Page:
Publication in Journal of Experimental Medicine

Excessive lung release of neutrophil DNA traps may explain severe complications in Covid-19 patients



A multidisciplinary team of researchers from GIGA (ULiège) has detected significant amounts of DNA traps in distinct compartments of the lungs of patients who died from Covid-19. These traps, called NETs, are released massively into the airways, the lung tissue and the blood vessels. Such excessive release could be a major contributor to severe disease complications leading to in-hospital death. These results are published this week in the Journal of Experimental Medicine.

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multidisciplinary team of researchers from the University of Liège (Belgium) has detected significant amounts of DNA traps in distinct compartments of the lungs of patients who died from Covid-19. These traps, called NETs, are released massively into the airways, the lung tissue and the blood vessels. Such excessive release could be a major contributor to severe disease complications leading to in-hospital death. These results are published this week in the Journal of Experimental Medicine.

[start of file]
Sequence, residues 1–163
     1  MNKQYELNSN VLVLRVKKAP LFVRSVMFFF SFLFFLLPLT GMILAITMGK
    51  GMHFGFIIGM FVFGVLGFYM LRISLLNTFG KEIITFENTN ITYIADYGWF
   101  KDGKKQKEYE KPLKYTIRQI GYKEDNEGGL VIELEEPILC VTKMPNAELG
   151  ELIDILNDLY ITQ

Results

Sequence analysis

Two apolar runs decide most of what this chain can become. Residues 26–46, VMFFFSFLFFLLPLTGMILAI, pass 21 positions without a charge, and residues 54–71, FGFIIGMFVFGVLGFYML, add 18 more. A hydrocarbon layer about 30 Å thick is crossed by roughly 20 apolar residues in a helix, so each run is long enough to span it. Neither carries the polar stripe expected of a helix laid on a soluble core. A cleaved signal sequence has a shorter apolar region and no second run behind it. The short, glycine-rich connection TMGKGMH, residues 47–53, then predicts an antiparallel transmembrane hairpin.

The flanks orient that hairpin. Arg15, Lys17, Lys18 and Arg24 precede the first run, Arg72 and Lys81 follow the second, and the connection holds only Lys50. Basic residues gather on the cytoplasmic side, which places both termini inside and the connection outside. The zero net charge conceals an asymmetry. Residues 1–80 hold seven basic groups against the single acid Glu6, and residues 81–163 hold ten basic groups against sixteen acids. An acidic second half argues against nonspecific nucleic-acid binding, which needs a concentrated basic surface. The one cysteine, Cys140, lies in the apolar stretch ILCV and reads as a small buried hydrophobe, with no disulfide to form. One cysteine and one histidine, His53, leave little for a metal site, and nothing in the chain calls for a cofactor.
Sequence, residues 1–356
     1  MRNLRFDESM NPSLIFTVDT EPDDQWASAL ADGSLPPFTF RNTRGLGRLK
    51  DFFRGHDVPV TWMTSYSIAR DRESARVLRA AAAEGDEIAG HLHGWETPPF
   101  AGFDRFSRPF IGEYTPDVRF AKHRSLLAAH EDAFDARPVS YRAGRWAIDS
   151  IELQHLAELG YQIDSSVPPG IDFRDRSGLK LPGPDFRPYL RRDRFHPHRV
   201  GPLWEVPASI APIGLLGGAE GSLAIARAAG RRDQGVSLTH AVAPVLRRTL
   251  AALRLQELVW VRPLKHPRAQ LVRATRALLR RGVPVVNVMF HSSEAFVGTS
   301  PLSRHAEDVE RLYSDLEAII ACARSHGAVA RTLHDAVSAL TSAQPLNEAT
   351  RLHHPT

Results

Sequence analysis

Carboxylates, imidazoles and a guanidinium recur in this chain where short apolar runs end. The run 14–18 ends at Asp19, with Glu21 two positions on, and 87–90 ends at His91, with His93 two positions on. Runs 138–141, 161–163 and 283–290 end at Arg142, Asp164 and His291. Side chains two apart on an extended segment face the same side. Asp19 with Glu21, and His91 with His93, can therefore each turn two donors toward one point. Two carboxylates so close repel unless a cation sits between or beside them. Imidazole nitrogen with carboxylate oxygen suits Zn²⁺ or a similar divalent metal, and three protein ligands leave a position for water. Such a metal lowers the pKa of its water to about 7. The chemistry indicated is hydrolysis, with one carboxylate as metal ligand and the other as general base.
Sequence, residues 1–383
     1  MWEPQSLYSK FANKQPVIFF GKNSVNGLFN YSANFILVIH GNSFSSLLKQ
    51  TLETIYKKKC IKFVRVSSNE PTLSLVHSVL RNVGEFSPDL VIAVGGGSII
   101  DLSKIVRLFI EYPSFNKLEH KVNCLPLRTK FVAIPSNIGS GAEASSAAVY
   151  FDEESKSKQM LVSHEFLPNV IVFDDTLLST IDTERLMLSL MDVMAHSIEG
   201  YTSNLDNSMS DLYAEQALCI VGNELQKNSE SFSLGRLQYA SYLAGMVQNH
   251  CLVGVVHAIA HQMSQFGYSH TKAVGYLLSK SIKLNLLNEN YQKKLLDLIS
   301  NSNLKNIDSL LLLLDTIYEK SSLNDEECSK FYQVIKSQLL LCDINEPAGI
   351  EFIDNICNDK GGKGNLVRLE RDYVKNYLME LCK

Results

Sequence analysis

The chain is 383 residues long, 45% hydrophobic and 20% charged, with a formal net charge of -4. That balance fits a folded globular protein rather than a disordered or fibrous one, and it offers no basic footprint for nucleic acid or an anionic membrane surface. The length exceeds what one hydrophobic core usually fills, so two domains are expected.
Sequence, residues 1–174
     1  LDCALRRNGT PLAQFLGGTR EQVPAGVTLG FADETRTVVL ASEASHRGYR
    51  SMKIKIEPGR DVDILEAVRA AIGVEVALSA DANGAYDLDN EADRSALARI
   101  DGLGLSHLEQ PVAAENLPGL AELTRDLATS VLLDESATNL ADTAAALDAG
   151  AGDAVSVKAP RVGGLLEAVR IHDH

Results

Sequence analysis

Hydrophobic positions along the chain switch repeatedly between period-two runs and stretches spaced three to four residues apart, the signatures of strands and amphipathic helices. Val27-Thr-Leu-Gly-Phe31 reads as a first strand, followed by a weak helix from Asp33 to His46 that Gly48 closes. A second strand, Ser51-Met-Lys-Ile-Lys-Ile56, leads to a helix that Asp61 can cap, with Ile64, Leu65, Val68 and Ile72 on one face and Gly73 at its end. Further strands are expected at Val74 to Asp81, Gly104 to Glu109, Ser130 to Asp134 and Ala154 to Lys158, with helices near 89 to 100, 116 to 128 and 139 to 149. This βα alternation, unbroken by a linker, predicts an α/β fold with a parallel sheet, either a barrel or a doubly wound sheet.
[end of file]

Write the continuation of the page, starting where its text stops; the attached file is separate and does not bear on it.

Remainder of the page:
Neutrophils are innate immune cells that act as the immune system's first line of defence. However, when over-activated, they can play a toxic role, as in the case of autoimmune diseases and chronic inflammatory diseases, for example. Neutrophils have the ability to release their own DNA through DNA traps called Neutrophil Extracellular Traps or NETs. When massively released in certain compartments of the lungs, they can cause toxic effects.